Example 2 + Example 3 • The implementation of the low temperature loop for makeup preheat and electrical room cooling coupled with the move of the transformers inside the building resulted in significant energy savings. • Approximately $75,000/yr (2008) in avoided natural gas costs.
Example #4 • Avoiding the Cooling Tower ? =
Avoiding a Cooling Tower • A treatment plant in desert Southwest needs cooling for electrical rooms and process spaces. • A new central chiller plant is being provided to supply the cooling need. • Makeup water quality for cooling towers is an issue. Potable water available has a hardness greater than what most cooling towers blow down. Creates a serious scaling issue. • Owner was concerned about worker exposure to water treatment chemicals. • There was no thermal limit on the wastewater effluent.
Avoiding A Cooling Tower • Water was available from the chlorine contact basins but had high levels of residual active chlorine. This required the use of titanium tubes in the condenser. • The peak effluent water temperature occurred 30 days after the peak outside air temperature. During peak cooling the condenser water temperature was less than that available from a cooling tower. • Fall conditions were difficult for chiller operation due to high condenser water temperatures coincident with low cooling loads. Supply water temperature had to be reset upwards to reduce thermal lift that caused compressor surging.
Avoiding A Cooling Tower • The unexpected heat exchanger • VFD cooling auxiliary heat exchanger connected to the condenser water and constructed of conventional materials. • Not shown on any submittal materials. • Had to be reconnected to chilled water and controls added.
Avoiding A Cooling Tower • The unexpected “stuff”. • Plastic debris that passes through the treatment process. • Mostly fruit labels. • Results in plugging of the chiller inlet strainer. • Additional strainers added to system to facilitate cleaning.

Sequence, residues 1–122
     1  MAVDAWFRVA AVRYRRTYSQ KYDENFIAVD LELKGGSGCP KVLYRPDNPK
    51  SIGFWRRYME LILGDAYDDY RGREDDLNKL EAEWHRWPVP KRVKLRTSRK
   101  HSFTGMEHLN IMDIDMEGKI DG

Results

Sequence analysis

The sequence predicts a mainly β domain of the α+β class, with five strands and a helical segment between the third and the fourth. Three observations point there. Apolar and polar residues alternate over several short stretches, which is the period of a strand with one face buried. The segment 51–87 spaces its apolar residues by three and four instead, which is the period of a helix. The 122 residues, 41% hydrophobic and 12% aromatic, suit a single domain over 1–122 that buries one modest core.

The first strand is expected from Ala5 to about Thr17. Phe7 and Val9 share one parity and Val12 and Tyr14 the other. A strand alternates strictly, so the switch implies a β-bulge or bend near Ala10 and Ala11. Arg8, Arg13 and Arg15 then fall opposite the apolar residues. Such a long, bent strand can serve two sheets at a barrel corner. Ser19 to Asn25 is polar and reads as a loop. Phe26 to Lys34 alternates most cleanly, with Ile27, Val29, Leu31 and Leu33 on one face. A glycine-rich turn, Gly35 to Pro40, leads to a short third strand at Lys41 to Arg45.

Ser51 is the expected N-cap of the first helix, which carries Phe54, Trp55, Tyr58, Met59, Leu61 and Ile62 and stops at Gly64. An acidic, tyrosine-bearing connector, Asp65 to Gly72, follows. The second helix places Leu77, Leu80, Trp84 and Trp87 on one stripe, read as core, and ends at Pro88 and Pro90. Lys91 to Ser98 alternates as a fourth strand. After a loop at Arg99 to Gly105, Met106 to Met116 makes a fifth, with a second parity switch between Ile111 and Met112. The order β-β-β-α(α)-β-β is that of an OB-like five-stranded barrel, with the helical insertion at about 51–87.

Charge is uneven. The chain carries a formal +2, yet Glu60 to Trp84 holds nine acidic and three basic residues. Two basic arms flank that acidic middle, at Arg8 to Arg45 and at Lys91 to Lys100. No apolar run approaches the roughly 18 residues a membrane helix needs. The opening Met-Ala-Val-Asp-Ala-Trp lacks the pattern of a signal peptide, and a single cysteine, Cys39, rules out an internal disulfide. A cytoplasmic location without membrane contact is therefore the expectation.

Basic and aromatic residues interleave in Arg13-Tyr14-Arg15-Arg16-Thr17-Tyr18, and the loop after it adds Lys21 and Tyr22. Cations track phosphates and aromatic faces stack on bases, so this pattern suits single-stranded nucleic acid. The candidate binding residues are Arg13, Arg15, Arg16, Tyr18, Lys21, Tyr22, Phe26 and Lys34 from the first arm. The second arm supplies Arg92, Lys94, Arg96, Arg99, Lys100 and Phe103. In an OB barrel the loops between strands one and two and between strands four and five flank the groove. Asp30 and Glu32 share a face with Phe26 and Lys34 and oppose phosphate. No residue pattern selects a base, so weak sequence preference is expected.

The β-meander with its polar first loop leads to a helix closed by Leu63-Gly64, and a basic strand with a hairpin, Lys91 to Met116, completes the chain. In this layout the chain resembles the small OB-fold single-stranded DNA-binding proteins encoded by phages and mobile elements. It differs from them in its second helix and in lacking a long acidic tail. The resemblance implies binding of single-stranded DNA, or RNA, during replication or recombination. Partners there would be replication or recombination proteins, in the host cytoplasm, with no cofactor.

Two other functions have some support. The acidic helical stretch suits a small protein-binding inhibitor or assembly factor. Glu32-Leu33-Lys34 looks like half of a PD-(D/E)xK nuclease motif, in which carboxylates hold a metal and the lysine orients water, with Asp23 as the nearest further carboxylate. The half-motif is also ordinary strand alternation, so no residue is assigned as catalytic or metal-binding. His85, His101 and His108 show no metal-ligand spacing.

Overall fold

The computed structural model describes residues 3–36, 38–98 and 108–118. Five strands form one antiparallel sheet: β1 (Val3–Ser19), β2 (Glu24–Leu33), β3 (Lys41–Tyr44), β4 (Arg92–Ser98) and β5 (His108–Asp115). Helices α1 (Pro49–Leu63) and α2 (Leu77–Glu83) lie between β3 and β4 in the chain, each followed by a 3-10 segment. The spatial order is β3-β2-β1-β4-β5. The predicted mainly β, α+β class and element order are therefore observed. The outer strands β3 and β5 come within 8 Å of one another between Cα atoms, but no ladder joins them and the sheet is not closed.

Commissioning • What Have You Done For Me Lately? Cx? Why?
A Commissioning Culture • With the historical treatment of HVAC and related systems within wastewater, the industry had relied upon the contractors to deliver systems with acceptable performance. • Given the simplicity of the systems, little to no prescribed checkout, testing, or commissioning would have been required. • Today the over-reliance on third party commissioning entities has incrementally changed the nature of the trades and contractors.
A Commissioning Culture • The mentality has slowly shifted from one of “pride in workmanship” to one of “we can fix it if we get caught”. • Under the right circumstances the Cx Agent can obstruct the process by being nothing more than just another box to check. • Now even with simple HVAC systems, the contractors cannot be relied upon to deliver a functional system. • The more complex systems necessary to achieve greater levels of energy efficiency simply don’t work under this new paradigm.
A Commissioning Culture • The result has been a shift away from the traditional treatment of HVAC designs for non-process facilities. • Owners are now requesting that the HVAC controls be integrated into the industrial process controls to eliminate the HVAC controls contractor and shift the Cx process to the more formalized and rigorous method utilized by the process engineer and controls integrator.